This time, I had as much time as I wanted and an engineer to work with to craft my parts before presenting them. All of us had that space to do whatever we wanted to do. It let us really develop and work hard on our thoughts and feel comfortable presenting them like we were putting our best foot forward.
I think that optimized our creativity and patience, and it ended up with some different sounding songs. We’ve got “Pictures” with Kacey Musgraves, which has a very stripped-back folk feel. Then, there’s “Don’t Mess with My Mama,” which is an out-there, EDM song that has banjo dabbled in there. It was an intentional process of how do we best incorporate who we are without having too many limits. I think we felt the most freedom this time around.
Centanni: As far as the album goes, what kind of pep talks are you giving the world?
Zuercher: I think the overarching theme of it is that no matter what you’re going through, there’s always hope to move forward. I think, particularly for Judah, this record is his real processing of dealing with anxiety, depression or stress. He had to say, “This is new to me and really hard. How do I still hold onto my hope and reason to live here?”
Each of us has our own example of that, even though it’s not as directly spoken through these songs. It’s growing up a bit and knowing that life isn’t always easy or kind. That doesn’t mean that we should stop fighting for the things we love. It’s all going to be OK at the end of the day.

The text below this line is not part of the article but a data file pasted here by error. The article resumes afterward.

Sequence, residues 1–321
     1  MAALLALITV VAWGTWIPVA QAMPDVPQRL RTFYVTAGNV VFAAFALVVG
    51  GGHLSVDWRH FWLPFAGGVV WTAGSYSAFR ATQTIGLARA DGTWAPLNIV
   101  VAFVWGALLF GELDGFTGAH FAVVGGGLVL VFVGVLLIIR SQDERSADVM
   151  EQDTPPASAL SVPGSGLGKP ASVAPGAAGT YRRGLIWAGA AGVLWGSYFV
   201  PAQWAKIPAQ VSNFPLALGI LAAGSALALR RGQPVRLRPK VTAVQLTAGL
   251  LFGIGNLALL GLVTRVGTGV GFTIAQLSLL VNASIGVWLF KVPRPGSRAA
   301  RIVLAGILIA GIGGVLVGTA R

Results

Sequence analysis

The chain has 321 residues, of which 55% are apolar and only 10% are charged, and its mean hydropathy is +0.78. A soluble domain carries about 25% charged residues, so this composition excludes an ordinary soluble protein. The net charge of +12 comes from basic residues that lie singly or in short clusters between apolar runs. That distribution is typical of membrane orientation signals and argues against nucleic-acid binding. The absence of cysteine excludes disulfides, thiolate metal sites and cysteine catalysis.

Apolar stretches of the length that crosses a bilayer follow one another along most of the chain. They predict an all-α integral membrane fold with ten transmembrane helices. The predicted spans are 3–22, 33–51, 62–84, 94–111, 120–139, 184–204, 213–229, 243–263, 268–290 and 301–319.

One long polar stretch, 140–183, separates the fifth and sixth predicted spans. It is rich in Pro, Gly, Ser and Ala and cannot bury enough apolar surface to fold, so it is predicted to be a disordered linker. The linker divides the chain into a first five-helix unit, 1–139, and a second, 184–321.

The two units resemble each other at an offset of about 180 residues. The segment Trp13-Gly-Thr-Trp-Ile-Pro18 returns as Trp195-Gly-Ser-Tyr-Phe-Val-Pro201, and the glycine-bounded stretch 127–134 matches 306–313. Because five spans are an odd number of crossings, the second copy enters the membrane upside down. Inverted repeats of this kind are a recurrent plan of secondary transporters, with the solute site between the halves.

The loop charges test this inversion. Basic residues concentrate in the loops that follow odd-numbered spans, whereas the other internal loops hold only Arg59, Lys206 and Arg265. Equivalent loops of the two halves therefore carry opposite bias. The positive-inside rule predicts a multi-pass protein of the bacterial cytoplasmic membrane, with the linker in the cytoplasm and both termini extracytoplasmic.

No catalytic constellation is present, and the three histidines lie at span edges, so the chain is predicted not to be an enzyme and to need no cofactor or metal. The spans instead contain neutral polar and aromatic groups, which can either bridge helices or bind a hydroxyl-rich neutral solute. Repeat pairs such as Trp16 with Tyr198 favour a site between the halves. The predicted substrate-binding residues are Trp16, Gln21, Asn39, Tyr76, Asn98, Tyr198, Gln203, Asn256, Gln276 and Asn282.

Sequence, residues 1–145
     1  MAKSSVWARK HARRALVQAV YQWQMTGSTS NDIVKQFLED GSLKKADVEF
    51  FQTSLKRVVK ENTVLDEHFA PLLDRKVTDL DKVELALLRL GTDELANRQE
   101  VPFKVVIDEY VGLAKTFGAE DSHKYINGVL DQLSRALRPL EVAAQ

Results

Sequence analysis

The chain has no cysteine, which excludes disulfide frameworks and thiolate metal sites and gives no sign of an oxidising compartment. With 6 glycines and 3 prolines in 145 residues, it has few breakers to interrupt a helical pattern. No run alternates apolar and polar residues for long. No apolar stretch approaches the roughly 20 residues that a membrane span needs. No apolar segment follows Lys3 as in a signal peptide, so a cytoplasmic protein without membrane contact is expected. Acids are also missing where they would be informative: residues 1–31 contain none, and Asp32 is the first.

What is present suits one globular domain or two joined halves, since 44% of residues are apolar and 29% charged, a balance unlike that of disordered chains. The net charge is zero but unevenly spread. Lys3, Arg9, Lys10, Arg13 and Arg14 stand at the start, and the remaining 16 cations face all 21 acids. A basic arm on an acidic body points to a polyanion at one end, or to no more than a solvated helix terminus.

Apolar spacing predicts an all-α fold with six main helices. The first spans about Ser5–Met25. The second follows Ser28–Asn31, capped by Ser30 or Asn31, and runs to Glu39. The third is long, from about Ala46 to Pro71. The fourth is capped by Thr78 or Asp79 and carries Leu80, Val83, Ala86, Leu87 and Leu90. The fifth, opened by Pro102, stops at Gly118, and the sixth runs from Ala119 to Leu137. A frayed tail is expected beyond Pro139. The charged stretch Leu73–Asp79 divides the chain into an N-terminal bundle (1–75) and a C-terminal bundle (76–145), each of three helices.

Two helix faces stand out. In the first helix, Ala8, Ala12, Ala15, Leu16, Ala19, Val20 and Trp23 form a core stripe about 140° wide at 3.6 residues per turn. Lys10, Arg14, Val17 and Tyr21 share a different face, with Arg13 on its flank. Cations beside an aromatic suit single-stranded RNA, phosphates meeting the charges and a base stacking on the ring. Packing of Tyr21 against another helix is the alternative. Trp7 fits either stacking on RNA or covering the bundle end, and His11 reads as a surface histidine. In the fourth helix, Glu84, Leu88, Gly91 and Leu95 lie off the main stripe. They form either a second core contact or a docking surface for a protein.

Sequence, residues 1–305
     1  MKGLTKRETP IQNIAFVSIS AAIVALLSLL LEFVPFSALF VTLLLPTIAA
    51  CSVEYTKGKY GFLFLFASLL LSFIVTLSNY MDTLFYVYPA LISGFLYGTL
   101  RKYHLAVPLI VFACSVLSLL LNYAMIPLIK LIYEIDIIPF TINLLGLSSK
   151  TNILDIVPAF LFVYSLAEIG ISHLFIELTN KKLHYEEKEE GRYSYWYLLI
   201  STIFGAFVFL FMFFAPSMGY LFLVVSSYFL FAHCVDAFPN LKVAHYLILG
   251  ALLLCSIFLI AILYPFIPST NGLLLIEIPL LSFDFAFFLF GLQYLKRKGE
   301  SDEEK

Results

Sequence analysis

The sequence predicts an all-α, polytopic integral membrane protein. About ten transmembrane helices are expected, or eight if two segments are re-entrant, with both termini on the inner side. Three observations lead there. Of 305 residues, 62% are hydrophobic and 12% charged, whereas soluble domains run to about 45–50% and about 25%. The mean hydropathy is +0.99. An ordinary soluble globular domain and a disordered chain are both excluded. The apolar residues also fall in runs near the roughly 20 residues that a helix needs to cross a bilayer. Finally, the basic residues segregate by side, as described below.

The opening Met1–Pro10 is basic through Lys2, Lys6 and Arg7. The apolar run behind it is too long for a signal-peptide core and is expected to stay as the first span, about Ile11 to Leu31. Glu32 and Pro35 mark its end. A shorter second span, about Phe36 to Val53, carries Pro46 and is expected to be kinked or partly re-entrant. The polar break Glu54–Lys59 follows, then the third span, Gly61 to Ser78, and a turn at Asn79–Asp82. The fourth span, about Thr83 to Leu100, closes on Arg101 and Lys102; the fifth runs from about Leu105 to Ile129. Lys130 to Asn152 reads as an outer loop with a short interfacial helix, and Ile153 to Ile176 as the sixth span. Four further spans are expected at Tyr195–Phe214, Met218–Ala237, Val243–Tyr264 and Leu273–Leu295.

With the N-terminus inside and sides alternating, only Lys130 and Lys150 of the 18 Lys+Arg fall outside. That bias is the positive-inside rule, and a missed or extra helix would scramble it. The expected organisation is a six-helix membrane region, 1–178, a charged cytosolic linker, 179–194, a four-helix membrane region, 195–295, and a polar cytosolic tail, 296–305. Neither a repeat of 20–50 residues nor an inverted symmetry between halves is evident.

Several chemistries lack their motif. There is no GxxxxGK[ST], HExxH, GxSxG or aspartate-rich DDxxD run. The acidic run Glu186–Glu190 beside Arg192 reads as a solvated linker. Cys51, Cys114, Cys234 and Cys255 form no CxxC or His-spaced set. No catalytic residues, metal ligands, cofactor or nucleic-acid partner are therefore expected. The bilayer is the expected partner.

More than anything we’ve done, too, it’s saying this to each other and having this body of work to fall back on.
To me, it’s been an important rock this past year to be able to hear these songs over and over and the words that are spoken. I think it’s just that we’re all in this together, no matter what, and it’s all gonna be okay. You’re not alone, no matter how much you feel alone. It’s not true.
Centanni: How did Kacey Musgraves get involved with this album?
Zuercher: We’ve all been huge fans of her for a long time. She lives in Nashville as well, and we have some connections through that. We had a lot more time to dream and ask for things. That was part of the process, too. We said, “Let’s speak this into existence. If it happens, then that’s awesome. If not, then at least we asked.” The worst thing that could’ve happened is that we would get a “no.” We just felt that “Pictures” would be really highlighted by having a female vocal on it, and we felt that her vocals would be perfect on it.
We asked our management to try and track her down and see if it would work out. She ended up being a big fan of the song and wanted to be a part of it. So, we got very fortunate that she was open to doing it and came over and killed it. It was such a treat to work with her.
Centanni: For those who missed Judah & the Lion’s first performance at Hangout or have never seen you guys before, what do you have in store for them at Hangout Fest?
Zuercher: We’re just super excited to be there, and we love having fun and figuring out new ways to engage with the crowd and bring a high-energy, exciting performance. We love performing. With this whole record, we’ve really been focused on how it would translate as a live experience. This will be one of the first performances we’ve done since the record came out. So, we’ve put a lot of energy and time into crafting it. We’re excited to see what happens.